I want to try new things in bed

If you want to make your sex life more adventurous, but your partner doesn’t, start by making curious conversation, says Esther Perel


I want to try new things in bed

Marie, 35, came to see me. ‘I’ve been married for six years and our sex life is good, but very vanilla. I was very turned on by the Fifty Shades film and the books, and I really want to try something new, but my husband thinks I’m being ridiculous and seems threatened by the idea. We end up arguing if I ever bring it up.’

Marie explained that when she met her husband Dan, she was more experienced than he was. ‘I made the mistake of telling him how many men – and women – I’d slept with, so I think he feels insecure. What can I do to help him feel more confident so we can make our sex life more exciting?’

This is a situation that many couples grapple with in my therapy room, long before Fifty Shades. For her, it’s how to tell him what she likes without being overly instructive or critical. For him, it’s how to open up to her requests and hear it from a place of care rather than control. Her lament: ‘I have tried to tell him, but he doesn’t hear me. I do things he likes; how many times do I have to tell him about what I like? He doesn’t seem to care.’ His response: ‘The minute I do something that she doesn’t like, she reacts so aggressively. I can’t do anything right.’ Sound familiar?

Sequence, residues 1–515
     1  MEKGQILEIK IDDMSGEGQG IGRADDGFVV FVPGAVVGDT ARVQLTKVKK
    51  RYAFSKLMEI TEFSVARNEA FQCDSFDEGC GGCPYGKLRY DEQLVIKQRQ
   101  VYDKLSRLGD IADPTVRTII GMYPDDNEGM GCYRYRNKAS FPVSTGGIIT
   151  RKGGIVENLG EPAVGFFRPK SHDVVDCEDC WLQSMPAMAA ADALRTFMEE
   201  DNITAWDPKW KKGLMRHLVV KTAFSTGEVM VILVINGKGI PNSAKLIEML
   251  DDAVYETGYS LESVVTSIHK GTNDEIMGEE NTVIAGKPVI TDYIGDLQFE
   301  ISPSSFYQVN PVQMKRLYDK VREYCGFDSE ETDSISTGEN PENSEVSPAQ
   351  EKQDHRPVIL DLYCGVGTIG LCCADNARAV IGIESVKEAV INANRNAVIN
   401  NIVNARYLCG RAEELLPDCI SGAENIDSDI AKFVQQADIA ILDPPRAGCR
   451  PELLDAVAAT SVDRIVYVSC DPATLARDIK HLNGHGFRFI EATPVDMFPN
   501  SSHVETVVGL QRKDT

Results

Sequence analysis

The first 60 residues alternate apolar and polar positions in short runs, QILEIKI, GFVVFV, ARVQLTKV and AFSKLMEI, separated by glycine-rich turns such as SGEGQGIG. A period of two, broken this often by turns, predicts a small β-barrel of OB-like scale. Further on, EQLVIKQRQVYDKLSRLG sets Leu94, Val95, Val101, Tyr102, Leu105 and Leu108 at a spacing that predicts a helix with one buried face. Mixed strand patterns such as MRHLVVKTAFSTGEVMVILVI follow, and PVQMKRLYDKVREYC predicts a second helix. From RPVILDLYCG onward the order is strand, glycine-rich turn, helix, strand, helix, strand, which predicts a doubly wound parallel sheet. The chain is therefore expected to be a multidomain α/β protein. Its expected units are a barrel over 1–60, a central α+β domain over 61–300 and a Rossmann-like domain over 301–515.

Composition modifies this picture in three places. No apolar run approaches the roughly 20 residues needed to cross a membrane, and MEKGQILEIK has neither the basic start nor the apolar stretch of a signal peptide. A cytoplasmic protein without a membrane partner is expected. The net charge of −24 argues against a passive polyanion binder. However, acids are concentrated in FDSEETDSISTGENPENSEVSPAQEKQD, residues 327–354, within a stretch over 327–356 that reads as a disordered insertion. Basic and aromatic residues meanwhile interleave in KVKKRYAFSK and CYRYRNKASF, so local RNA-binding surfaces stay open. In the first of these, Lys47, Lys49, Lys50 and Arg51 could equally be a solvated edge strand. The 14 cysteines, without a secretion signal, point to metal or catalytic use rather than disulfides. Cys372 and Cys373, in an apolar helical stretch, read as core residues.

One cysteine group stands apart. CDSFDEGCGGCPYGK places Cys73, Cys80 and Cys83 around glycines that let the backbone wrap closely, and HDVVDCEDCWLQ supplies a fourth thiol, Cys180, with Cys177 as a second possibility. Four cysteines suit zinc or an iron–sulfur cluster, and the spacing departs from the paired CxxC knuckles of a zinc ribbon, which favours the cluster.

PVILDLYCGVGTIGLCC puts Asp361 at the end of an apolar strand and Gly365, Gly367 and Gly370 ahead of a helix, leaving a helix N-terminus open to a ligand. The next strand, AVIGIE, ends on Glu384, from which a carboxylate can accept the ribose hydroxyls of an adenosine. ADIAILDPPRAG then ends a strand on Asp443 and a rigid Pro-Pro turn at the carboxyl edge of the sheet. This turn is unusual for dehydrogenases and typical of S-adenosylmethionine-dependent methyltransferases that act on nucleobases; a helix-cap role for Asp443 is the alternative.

Although Marie thinks her husband is insecure, she recognises that she’s just assuming this. He may not even know. It’s unhealthy to mind-read, no matter how well you think you might know your partner. In reality, we can’t really know if we don’t ask. We all change over time; what used to turn us on might become boring or even a turn-off after a while. So it is important to have regular check-in points with one another and make sure you are still feeding each other’s wants and needs.

Marie could start by talking about their past together over the last six years – and discuss how they have both evolved and how they connect and relate to each other, not just in their sex life. Marie needs Dan to feel ‘secure’. She could ask him if there is something he needs from her in the sexual part of their relationship. If she wants to increase the chance that he listens to her and is open and interested, then it may be good to start with what he needs from her in order for him to feel more confident in the ensuing conversation. Marie should ask him to tell her more about new sexual experiences. What does he think it would be like? What’s the best and worst that could happen? 

If he brings up her past sexual history, Marie can reassure him that she chose to marry him and that sex is only one part of their relationship. It sounds like Dan is anxious about his performance too, since Marie feels he experiences feedback as criticism (and many men do). It’s always how we give feedback that can make a difference. When you try something new together, neither of you is the expert. That mindset and approaching the whole experience as sexy play can really make a difference. 

Now, back to Fifty Shades. Marie should not presume that men understand women’s erotic needs. Women themselves can be quite perplexed by their fantasies. So, talking about what turns you on in the plot between Anastasia and Mr Gray would be a good beginning. 

More inspiration

Check out: the marriage course at the School of Life

Book yourselves in: the Making Love Retreat in various locations in Europe.

Photograph: iStock

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